Compressed charcoal on paper. ~ 8″x10″

This is a studying face.  People hold very still when they concentrate.  The chin and neck of this drawing are a little squeezed but aside from that I think it’s pretty successful. It’s been a while since I tried my hand at a portrait.

It’s fun playing spot the differences in the top two.




Some preparatory sketches for an upcoming painting.  I’m not sure what kind of decisions I’m going to make colour wise on this one. It might end up very colourful, or just tonal like these drawings.

A White Bird


I am currently working on an independent study that in which I am making a bunch of these wooden birds.  They are made out of two pieces of pine and are carved, sliced and then folded. The idea to work with them came to me as I was reading an essay by John Berger  which talks about how through this type of simple formulaic construction, elements of aesthetic beauty can be uncovered. What I am going to do with these birds is currently undisclosed, but when I finish the sculpture I will post the results.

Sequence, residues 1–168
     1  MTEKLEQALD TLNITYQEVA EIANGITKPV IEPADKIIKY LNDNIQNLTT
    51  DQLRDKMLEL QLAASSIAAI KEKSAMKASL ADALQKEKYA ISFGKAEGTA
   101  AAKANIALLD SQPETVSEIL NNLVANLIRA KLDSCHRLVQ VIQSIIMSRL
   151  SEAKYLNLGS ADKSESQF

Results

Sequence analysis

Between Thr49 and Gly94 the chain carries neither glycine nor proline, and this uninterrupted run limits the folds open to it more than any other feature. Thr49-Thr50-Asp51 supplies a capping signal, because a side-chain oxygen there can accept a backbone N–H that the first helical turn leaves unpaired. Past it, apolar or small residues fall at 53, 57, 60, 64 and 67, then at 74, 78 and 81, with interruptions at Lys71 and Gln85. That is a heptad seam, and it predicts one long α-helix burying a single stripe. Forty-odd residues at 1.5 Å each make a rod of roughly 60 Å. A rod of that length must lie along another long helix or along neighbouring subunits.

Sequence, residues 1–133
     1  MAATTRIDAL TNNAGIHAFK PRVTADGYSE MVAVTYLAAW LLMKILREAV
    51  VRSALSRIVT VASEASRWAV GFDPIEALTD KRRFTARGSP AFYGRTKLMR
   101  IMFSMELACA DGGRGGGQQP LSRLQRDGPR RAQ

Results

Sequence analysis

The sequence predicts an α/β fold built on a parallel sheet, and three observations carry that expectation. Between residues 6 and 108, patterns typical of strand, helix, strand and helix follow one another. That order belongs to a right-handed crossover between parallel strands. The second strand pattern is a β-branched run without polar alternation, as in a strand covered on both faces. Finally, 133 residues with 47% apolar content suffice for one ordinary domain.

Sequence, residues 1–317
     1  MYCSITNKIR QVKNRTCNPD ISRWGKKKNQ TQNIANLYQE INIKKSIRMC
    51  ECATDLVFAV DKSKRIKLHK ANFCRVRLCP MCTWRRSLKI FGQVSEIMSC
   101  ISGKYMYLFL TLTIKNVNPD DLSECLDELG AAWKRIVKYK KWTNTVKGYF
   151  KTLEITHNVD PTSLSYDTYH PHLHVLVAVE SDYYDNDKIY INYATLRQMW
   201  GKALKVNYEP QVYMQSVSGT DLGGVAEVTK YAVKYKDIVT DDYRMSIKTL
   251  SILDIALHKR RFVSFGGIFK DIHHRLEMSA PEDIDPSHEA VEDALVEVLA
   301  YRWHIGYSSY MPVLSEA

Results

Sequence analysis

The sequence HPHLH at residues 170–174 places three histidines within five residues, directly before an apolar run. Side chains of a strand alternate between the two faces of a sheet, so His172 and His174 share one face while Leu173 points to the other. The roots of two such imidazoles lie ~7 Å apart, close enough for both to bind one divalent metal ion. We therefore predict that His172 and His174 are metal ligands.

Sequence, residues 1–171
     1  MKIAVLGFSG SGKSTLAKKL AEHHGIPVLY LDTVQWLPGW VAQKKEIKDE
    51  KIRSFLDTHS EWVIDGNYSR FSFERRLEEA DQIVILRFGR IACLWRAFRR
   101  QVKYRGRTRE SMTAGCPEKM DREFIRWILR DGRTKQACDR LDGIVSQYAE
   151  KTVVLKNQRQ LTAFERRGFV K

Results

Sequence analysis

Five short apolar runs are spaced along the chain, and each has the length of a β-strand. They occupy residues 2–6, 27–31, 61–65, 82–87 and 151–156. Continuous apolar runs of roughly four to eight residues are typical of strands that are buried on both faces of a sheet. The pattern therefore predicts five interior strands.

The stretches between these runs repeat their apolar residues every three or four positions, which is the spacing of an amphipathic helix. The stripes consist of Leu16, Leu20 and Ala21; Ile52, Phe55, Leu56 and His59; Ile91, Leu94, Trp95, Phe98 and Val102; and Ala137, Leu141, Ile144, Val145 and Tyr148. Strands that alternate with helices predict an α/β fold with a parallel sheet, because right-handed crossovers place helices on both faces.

Street Pigeons


4′ x5′ Oil on canvas

How and why do pigeons live in manufactured environments?

What parallels are there between humans and pigeons?

Lots of purple in this one. I’ve been getting mixed results about the green circle and the white dots on the side but the whole painting seems to hold together better than my previous one.

Back into large paintings again this semester.  This one is 5’x6′.  I have been experimenting with painting with a small foam paint roller. It works pretty well and its useful because I can layer thin coats of paint, but it also leaves strange patterns and a rippled effect. Sometimes it works out, but most of the time it creates a lot of unnecessary visual stimulation.  This set of stairs can be found at the back of a building on the Dalhousie campus. I think I chose it because it was so boring and still.


Here is my latest foray into glazing. I thought it might be interesting to work on something small and detailed after a semester of rather large and loose work.  The decision to take pictures after every session of painting came because this style of painting lends itself to process and I thought it would be interesting to see some sort of progression.   This painting took about two weeks to complete and each picture was taken after  one or two hours of work. I like the final painting, but it began to deviate from local colour a little bit at the end in aid of it being a painting.